If your kids enjoy colorful anime-style cartoons (like Little Witch Academia or Kiki's Delivery Service), they'll love the visual feast that Ni no Kuni 2: Revenant Kingdom presents. But don't be fooled by its anime aesthetic — this role-playing game takes a lot of time and effort to master.
If you’ve found yourself browsing PS4 games at your local GameStop, looking for a cartoonish, fun game for your kiddos, you may have stumbled upon Ni no Kuni 2. While this lush adventure is rated T for fantasy violence, it offers quite a bit of enjoyable gameplay for smaller children, too. (Just make sure you sit down and play with them, especially if they’re not all that comfortable with reading yet.)
What is it?
Ni no Kuni 2: Revenant Kingdom is a Japanese role-playing game (JRPG) that follows the trials of Evan Pettiwhisker of House Tildrum after his kingdom, Ding Dong Dell, is usurped by his late father’s evil chancellor, Mausinger. Evan is joined by Roland, who appears to be the president of his country in a world very similar to ours. Along the way, Evan and Roland make friends with the denizens of their world and establish a new kingdom, Evermore.
Ni no Kuni 2 isn’t a straight up hack and slash kind of game, although there’s quite a bit of that throughout the game. Instead, this game is a combo of grand strategy elements, where players command a small army to victory during skirmishes, and kingdom management simulation, in which buildings must be constructed, personnel must be assigned to suitable tasks, and resources (like money and supplies) need to be monitored on a regular basis.
How hard is it?
The various elements of the game — combat, character management, puzzles, grand strategy, kingdom management — are fairly approachable for an older child (10 or older) to grasp on their own. There’s definitely a lot to remember with Ni no Kuni 2, especially with kingdom management. Thankfully, with Roland acting as Evermore’s adviser, players can call upon his help at any time for refreshers and advice.
Ni no Kuni 2’s combat is really simple, especially in terms of button presses. Players can opt to use special skills with any of the characters they decide to play as, but they don’t have to. They can roll around and trigger the cute little sprites that follow Evan around from battle to battle. These little adorable creatures are called higgledies, and they’re probably my favorite piece of the game.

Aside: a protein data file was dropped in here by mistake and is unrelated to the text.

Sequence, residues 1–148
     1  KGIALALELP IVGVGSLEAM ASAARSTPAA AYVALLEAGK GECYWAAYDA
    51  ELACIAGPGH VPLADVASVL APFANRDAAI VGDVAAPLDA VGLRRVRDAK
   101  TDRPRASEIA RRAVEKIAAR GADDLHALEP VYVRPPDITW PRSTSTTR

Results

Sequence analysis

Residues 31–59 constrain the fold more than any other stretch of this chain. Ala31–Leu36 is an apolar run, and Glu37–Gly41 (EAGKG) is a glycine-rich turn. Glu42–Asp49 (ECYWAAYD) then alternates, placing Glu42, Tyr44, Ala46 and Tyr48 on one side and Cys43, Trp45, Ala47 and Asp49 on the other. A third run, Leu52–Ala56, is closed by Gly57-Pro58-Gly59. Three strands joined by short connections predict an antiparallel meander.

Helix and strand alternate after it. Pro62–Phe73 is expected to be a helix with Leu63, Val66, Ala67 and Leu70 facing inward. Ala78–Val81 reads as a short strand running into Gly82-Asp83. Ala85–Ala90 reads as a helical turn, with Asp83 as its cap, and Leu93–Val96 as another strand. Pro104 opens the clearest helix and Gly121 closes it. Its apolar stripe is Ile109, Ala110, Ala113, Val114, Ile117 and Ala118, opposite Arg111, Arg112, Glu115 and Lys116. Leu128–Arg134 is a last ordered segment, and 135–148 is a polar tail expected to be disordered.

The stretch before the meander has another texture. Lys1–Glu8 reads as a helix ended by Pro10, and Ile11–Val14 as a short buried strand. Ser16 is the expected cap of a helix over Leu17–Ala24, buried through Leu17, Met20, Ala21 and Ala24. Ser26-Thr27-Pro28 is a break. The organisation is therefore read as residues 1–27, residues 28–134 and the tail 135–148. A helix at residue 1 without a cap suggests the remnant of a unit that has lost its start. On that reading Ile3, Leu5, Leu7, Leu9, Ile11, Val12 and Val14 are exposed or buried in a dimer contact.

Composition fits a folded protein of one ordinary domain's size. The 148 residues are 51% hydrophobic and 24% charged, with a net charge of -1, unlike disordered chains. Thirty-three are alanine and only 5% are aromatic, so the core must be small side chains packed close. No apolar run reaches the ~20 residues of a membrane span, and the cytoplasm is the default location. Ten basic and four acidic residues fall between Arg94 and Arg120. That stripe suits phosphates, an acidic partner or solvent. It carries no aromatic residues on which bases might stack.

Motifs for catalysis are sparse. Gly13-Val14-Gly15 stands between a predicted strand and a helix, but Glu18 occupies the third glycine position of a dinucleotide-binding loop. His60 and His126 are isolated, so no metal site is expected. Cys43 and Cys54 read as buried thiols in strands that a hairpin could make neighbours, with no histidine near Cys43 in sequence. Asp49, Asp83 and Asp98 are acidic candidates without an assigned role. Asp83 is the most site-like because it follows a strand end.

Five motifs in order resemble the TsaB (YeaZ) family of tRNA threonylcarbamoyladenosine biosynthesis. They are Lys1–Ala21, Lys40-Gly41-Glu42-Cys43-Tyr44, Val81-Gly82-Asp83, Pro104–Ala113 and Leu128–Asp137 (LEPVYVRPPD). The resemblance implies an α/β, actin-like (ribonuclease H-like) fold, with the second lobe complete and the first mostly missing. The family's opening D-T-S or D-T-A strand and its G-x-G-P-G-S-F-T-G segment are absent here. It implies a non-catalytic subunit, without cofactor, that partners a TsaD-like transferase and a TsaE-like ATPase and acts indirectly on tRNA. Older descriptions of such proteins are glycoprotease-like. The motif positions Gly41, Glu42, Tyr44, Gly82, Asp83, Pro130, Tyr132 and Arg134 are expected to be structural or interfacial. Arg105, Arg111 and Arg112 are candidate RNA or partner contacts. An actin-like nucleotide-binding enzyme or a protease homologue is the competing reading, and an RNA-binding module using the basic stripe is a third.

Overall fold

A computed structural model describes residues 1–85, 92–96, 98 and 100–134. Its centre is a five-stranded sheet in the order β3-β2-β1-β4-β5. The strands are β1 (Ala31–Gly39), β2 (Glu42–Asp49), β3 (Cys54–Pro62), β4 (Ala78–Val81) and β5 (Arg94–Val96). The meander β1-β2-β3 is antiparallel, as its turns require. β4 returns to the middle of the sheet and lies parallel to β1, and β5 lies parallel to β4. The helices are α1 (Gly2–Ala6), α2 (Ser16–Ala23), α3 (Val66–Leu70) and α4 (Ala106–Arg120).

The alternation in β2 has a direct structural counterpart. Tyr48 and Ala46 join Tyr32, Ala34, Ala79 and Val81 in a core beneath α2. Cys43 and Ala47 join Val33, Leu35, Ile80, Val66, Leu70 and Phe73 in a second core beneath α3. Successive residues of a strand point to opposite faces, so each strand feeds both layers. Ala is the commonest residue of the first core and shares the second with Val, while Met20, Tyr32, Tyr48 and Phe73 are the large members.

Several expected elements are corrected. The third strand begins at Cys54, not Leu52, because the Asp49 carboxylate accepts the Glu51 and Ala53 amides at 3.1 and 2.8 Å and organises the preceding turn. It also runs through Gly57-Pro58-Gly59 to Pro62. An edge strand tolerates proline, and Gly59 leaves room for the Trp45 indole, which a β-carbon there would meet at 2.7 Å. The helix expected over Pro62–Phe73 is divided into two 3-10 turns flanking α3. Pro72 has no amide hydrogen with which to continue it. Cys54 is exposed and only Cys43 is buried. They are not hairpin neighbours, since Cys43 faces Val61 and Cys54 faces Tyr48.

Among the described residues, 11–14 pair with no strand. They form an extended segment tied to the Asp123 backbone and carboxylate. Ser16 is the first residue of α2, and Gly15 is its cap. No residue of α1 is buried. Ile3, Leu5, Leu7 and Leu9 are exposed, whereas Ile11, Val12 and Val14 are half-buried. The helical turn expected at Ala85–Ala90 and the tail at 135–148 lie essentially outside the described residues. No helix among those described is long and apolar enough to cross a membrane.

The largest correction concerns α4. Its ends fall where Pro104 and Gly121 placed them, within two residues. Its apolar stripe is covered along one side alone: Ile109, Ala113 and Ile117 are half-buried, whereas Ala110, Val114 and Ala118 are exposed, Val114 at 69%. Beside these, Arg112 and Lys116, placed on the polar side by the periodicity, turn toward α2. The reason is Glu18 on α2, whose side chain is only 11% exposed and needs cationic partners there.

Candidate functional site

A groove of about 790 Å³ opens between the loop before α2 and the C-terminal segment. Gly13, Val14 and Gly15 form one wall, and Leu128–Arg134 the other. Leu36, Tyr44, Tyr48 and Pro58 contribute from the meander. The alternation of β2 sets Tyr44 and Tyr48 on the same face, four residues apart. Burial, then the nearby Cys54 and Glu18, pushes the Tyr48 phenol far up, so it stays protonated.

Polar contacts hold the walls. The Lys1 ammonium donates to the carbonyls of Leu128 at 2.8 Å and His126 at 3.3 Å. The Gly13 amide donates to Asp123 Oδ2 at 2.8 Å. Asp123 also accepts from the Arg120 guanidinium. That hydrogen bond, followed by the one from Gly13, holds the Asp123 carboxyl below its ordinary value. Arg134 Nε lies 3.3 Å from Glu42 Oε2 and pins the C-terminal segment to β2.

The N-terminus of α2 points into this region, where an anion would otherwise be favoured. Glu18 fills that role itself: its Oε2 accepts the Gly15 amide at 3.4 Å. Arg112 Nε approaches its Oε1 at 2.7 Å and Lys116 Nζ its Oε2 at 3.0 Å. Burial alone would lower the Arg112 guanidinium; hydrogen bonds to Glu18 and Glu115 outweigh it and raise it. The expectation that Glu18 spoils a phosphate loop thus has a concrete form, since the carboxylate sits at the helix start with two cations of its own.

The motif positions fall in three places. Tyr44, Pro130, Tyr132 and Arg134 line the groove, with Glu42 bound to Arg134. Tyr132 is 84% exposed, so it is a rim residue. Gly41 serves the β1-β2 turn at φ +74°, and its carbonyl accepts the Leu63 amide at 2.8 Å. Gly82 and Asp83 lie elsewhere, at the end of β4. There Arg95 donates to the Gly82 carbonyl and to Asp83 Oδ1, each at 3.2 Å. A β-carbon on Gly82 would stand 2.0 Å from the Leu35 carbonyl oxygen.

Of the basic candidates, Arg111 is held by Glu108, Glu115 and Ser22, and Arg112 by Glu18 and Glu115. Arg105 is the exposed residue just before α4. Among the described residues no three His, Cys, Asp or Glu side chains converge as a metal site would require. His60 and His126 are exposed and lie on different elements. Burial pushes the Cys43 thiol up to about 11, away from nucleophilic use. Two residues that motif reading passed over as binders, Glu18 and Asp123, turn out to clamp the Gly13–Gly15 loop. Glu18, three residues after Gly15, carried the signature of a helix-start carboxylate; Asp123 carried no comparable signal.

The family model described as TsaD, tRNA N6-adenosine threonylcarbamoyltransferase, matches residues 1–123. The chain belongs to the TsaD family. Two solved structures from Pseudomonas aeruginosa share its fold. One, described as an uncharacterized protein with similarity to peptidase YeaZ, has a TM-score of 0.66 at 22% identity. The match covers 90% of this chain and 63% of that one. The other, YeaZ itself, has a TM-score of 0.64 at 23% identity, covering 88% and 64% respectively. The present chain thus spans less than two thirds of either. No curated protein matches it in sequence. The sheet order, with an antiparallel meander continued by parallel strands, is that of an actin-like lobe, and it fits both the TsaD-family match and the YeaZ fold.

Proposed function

Skirmishes (low-key grand strategy) in Ni no Kuni 2 require a little bit of planning, but it’s not nearly as intimidating as a more complex strategy game like Total War. Players need to rotate their armies around Evan using the PS4 controller’s bumpers (the topmost buttons on either side of the controller) so that they’ll hit the right battalions of soldiers during the skirmish.
It’s rated T for Teen — is it appropriate for kids?
In terms of the content, yes, this game is appropriate for younger kids, too. If your kids have played Survival Mode in Minecraft, you’re getting about the same level of violence in Ni no Kuni 2. There’s no blood. There are no telltale signs of the aftermath of violence. Enemies disappear after you’ve defeated them, leaving treasure behind to pick up, mostly comprised of gear, items and guilders (Ni no Kuni’s currency).
If you’ve sat down and watched Studio Ghibli’s Spirited Away or Howl’s Moving Castle with your kids, they’ll likely have seen much scarier things in those movies than they’ll see in Ni no Kuni 2. But while the content is kid-friendly, the game itself is a bit more nuanced. As previously mentioned, the game is quite complex. It asks a lot of the player in terms of memorization, but no more so than, say, Secret Of Mana asked of me when I was a wee sprite. If your kids get stuck, there is this handy guide that you can buy them. (And also, the internet.)
If I get this game for my kid, can they play it alone or will they need my help?
A smaller child will absolutely need that extra time with you in order to feel comfortable in the game’s complex environment. At least, at first they will. Children have the ability to soak up information with alacrity, so what may feel like overly complex systems to you may not be all that daunting to them.
The exception to this is children who can’t read or struggle with reading, as there is a lot of reading throughout the game. Ni no Kuni 2’s cinematic scenes are fully voiced, so reading subtitles won’t be necessary, but that isn’t the case with incidental conversations throughout the world. They’re only partially voiced (and that’s more for flavor than for anything useful).
Ni no Kuni 2: Revenant Kingdom is family-friendly
While Ni no Kuni 2: Revenant Kingdom doesn’t have a multiplayer component, it’s the kind of game that is just as delightful to watch (and swap controllers) as it is to play on one’s own. Ni no Kuni’s music, in both the PS3 and PS4 games, is some of the most exquisite that I’ve heard in a Japanese RPG in a long, long time. It’s an evocative throwback to Secret Of Mana, Final Fantasy 4 and Chrono Trigger. (It’ll tickle the nostalgia bone for any gaming parent that spent their formative years in the ‘90s playing Nintendo’s greatest RPGs, that’s for sure.)
It takes about 10 hours to really get going, as is the case with many Japanese RPGs, but has the potential to last upwards of 60 hours, if you really take your time. If you’re looking for something that’s bright and colorful, but will give your kids a varied and dynamic experience (as opposed to the potential homogeneity of Fortnite or Minecraft), then Ni no Kuni 2 is a great game to explore together.